As the country forges on with the Covid-19 lockdown, we have some Government officials demanding bribes from people who need exemption letters.
As we report elsewhere today, some police officers and other Government officials are demanding bribes of up to US$50 from businesspeople and ordinary people who need the letters to be able to move around despite the stay-home order which does not allow persons not providing an essential service from travelling beyond five kilometres of their homes.
This practice is troubling on a few fronts.
Some people who are genuinely in need of the documents and are delivering an essential service, but who might not have the US$50 to pay, or who might be unwilling to pay may be frustrated in their efforts to secure an exemption letter.
Also, because the officials are effectively selling exemption letters to anyone who approaches them with US$50 in hand, there is a big possibility that people who provide no essential service, thus ineligible to get an exemption letter are paying to get them. This enables them to move around, violating the lockdown stay-home order, crowding city centres which increases the risk of Covid-19 infections. On the basis of a bought exemption letter, such people are able to violate the lockdown.
The report we have captures what is happening in Gweru, but we think that this is a national challenge.
Indeed, the Covid-19 pandemic has created its own cadre of criminals, all working to undo the Government and everyone else’s commendable efforts to contain the infection.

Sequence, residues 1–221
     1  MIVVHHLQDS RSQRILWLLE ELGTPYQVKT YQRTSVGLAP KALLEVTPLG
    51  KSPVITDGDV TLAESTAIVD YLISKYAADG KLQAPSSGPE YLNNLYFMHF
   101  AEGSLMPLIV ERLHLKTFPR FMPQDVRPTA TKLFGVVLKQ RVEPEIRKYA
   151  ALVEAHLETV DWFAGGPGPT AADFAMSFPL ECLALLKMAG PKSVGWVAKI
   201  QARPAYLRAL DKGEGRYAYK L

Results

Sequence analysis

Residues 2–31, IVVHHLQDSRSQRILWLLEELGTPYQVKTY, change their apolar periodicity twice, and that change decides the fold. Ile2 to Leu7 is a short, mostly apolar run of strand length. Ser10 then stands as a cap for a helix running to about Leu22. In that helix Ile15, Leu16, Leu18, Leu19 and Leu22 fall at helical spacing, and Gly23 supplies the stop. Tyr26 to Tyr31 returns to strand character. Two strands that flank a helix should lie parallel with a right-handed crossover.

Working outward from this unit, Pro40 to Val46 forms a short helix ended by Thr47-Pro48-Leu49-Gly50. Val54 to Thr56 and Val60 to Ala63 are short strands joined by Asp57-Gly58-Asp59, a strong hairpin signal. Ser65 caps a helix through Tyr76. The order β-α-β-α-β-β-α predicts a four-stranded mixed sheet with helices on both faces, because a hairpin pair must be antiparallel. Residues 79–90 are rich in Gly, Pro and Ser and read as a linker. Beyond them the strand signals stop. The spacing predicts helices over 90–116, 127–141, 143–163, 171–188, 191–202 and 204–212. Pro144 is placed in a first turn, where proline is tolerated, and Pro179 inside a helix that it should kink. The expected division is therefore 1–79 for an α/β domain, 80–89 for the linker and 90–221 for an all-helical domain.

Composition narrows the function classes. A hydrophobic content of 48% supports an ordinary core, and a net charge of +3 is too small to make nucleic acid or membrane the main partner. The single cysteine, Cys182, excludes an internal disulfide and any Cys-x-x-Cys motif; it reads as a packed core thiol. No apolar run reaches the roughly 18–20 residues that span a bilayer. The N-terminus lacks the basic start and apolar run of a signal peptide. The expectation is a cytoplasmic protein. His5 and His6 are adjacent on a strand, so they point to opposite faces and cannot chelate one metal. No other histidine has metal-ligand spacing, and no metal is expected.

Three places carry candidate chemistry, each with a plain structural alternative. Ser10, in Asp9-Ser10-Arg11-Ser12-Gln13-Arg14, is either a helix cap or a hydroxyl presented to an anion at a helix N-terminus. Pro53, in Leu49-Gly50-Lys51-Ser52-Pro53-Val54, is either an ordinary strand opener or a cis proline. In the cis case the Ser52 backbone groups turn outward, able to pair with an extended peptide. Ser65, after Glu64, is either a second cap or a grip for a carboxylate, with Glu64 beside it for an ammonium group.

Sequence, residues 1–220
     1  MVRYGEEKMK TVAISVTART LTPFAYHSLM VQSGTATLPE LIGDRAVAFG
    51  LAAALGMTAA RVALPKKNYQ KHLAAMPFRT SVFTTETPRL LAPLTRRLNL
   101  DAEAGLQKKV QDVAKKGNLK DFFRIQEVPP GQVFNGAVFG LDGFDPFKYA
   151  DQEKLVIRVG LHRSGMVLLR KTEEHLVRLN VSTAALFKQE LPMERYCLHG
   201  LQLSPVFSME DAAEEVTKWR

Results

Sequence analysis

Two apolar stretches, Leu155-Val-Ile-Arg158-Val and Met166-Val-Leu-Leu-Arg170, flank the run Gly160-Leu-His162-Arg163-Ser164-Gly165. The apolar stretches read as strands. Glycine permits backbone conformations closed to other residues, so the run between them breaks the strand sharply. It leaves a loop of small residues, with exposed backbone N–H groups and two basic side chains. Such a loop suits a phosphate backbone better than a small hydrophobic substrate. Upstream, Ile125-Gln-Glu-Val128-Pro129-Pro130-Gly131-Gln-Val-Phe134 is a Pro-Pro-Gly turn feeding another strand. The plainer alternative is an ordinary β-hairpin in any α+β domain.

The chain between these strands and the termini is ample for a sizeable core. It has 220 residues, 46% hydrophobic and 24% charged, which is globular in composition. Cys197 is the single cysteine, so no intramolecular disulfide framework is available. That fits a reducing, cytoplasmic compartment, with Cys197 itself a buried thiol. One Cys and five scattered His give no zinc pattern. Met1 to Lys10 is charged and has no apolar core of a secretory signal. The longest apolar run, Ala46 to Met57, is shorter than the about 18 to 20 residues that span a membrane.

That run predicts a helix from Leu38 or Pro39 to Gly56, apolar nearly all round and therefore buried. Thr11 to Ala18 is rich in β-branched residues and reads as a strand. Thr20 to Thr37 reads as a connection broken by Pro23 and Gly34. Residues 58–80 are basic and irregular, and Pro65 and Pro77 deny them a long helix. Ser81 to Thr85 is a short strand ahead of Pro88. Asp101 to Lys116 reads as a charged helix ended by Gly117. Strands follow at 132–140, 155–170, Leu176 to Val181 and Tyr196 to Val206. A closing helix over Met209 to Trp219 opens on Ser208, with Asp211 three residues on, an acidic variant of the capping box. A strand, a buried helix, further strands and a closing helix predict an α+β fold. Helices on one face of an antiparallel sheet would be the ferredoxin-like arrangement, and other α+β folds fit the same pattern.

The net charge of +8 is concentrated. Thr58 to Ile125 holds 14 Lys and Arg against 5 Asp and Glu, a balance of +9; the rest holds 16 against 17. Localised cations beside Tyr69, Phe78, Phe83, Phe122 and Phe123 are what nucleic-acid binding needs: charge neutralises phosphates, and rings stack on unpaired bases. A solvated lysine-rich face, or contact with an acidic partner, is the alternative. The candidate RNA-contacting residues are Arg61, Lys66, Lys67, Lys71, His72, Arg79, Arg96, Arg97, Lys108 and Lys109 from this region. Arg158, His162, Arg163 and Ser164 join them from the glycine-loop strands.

We have people selling Covid-19-free certificates. We have people faking Covid-19-free certificates. We have people flouting tender procedures to enrich themselves.
We also have law enforcement officers demanding bribes at police road blocks designed to curb unauthorized travelling. Now we have some police officers and Government officials selling exemption letters.
This practice is condemnable because it, on one hand, frustrates genuine essential service providers and, on the other, allows non-essential service providers, including criminals such as illegal foreign exchange traders in Gweru who are roaming streets there armed with exemption letters they are not entitled to. These are dangerous activities that must just stop.
The Zimbabwe Anti-Corruption Commission (Zacc) is encouragingly on that beat already, as its spokesperson Commissioner John Makamure said.
He said reports have been made to the commission and full-scale investigations have been launched in an effort to weed out corrupt elements among Government officials responsible for issuance of exemption letters.
“The Zimbabwe Anti-Corruption Commission has received several complaints of Government officials and police officers demanding bribes in order to issue exemption letters to registered businesses and travellers. The Commission would like to sternly warn perpetrators of the vice that the long arm of the law will soon catch up with them.
“We are investigating the reports and would like to appeal to the public to immediately report the officials involved,” he said.
Comm Makamure said registered small scale businesses were being affected more by such malpractices.
“Statutory Instrument 10 of 2021 is very clear on the exemption. There are no fees to be paid to obtain an exemption letter,” he said.
We expect arrests to be made so that the message against bribery in processing of exemption letters can be sent through, and sent through most strongly.
It is obvious that the officials who are demanding bribes to frustrate applicants or to licence unauthorized people are known. Zacc will be happy to get more people reaching them with accurate information of the officials who are engaging in this corrupt activity.
Applicants who note that their applications are being deliberately delayed by an officer attempting to extract a bribe are also encouraged to reach Zacc or other law enforcement agents so that follow-ups can be undertaken.